Spruce, Pine, Grey Pine and Juniper Carpet identification
The Autumn months bring with them a difficult quartet of moths, which can sometimes prove to be tricky to identify. Although we say quartet, its really just a trio of moths which can be troublesome to anyone new to moth trapping.
Pine Carpet, Grey Pine Carpet, Spruce Carpet and Juniper Carpet, are all (or can be) extremely similar, but Pine Carpet should provide much less of a challenge by having a distinctive reddish brown ground colouration to the wings.

Preferred habitat

There's no doubt that those living near to commercial forestry plantations, will trap at least three of the four species (Pine, Grey Pine and Spruce Carpets) at some time.

Juniper Carpet is perhaps the most likely to be encountered when living in urban, or suburban areas, after increasing its UK range as a result of ornamental Junipers being used in garden planting schemes.

Pine Carpet has one extended generation each year, Grey Pine Carpet and Spruce Carpet both have two generations a year, where Juniper Carpet has an extended single generation. All four species appear in greatest numbers from September - October.

    Identification of Spruce, Grey Pine, Juniper and Pine Carpet

As with many moths, there are always some differences in markings, which can make one species superficially similar to another. So we have tried to help by pointing out the more distinctive features to aid identification. As we mention, some differences can be subtle.

The two photographs on the left, show a characteristic difference used to determine Juniper Carpet from Grey Pine Carpet, which is the sharper 'V' indentation to the basal side of the cross-band.

Differences in the appearance of the cross-band, is the key to seperating Spruce, Grey Pine and Juniper Carpets. The ground colouration of Pine Carpet is usually enough to distinguish that species from the others, but again, there is a distinctive indentation in the cross-band of Pine Carpet.
70.077 .... B&F 1767 Pine Carpet Pennithera firmata (Hübner, 1822) .... Formerly known as Thera firmata
Identification features: In general, this is the easiest of the four species to identify, based on the ground colouration of the wings alone and should not really pose any real identification difficulties.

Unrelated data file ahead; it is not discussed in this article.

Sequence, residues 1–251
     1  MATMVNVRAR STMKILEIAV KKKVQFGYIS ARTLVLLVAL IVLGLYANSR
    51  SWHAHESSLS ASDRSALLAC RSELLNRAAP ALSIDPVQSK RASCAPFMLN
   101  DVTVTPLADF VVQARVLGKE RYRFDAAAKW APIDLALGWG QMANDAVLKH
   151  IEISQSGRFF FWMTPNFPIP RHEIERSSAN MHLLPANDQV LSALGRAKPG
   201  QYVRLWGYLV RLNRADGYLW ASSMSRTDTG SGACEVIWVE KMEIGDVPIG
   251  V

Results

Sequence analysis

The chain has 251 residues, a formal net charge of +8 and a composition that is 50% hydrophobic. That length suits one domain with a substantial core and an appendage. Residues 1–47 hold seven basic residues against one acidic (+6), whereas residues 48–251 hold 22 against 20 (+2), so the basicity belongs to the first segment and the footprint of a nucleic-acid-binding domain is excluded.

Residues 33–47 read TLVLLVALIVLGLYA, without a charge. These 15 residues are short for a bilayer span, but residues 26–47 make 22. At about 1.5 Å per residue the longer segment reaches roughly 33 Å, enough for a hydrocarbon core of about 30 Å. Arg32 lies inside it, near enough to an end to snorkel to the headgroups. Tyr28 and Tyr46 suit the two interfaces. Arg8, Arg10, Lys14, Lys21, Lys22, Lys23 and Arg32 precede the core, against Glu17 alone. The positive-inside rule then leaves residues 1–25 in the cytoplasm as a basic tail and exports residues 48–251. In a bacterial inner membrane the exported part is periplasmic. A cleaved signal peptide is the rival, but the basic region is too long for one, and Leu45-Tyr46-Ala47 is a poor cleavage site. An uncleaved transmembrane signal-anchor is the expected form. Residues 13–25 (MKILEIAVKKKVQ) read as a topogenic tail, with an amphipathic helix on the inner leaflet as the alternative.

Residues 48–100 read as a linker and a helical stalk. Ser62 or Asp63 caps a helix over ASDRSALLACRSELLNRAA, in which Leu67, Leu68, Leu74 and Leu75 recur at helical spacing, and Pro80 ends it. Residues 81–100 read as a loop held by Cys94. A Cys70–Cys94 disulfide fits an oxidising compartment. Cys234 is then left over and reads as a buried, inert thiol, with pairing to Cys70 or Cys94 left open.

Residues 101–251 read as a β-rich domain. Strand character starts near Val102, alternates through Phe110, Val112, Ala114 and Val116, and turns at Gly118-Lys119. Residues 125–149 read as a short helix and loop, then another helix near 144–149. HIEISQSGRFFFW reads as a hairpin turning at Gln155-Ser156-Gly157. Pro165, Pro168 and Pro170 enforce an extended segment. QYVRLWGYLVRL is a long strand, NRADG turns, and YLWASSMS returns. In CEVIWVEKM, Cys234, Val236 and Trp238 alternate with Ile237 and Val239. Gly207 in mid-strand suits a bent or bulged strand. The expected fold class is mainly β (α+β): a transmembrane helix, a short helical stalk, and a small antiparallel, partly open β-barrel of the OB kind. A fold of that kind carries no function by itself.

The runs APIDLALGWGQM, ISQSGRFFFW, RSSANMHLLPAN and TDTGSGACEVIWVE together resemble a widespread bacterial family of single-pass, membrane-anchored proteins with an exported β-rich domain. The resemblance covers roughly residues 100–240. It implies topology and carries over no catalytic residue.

Most specimens we have caught, have a reddish brown ground colour, which in some lights appears to have a distinct purple element to it.

The diagnostic feature however, is the sharply indented cross-band, which narrows the cross-band along to the trailing edge of the wing.

Nottinghamshire distribution: Common around the Pine forested areas of north Nottinghamshire.

Flight period: July to November in one extended generation, but with greatest numbers from October onwards.

70.079 .... B&F 1769 Spruce Carpet Thera britannica (Turner H J, 1925)
Identification features: Very similar to Grey Pine Carpet, making seperation of the two often difficult. Ground colour of wings variable, between light and dark grey.

Spruce Carpet is often more heavily marked than Grey Pine Carpet, giving it a 'cloudier' appearance than the other three species. Both edges of central cross-band on Spruce Carpet, usually less smooth than Grey Pine Carpet.

Nottinghamshire distribution: Largely confined to the Pine forested areas of the county, though it should be expected to occur in urban areas. Less commonly recorded at MV light than either Pine Carpet or Grey Pine Carpet.

Flight period: May to July and then again in September to November, in two generations.

70.081 .... B&F 1768 Grey Pine Carpet Thera obeliscata (Hübner, 1787)
Identification features: Ground colour of wings on Grey Pine Carpet is extremely variable and the cross-band on some examples can be very dark to almost black.

The cross-band also tends to narrow towards the trailing edge of the wing, the last section usually being dark at the trailing edge.

Nottinghamshire distribution: Grey Pine Carpet is generally much more widespread across Nottinghamshire.

Although there seems to be a sparsity of records east of the River Trent, this does coincide with the distribution of commercial forestry in the county.

Flight period: Similar to Spruce Carpet, with adults flying from May to July and then again in September to November, in two generations.

70.082 .... B&F 1771 Juniper Carpet Thera juniperata (Linnaeus, 1758)
Identification features: General background colouration of light grey/brown to wings, which at first glance gives the appearance of a faded/worn Grey Pine Carpet.

Basal side of cross-band, often with a small but distinct 'V' like indentation. One to three diagonal dashes towards tip of wing, often reaching central band.

Nottinghamshire distribution: We have little information on the current distribution of Juniper Carpet in Nottinghamshire. Formerly restricted to a small number of localities in the UK, Juniper Carpet has undergone a huge expansion of range through the planting of ornamental Junipers in gardens. It is most likely to occur in urban areas, but has been recorded from Budby South Forest.

Flight period: A single generation flying from September to November.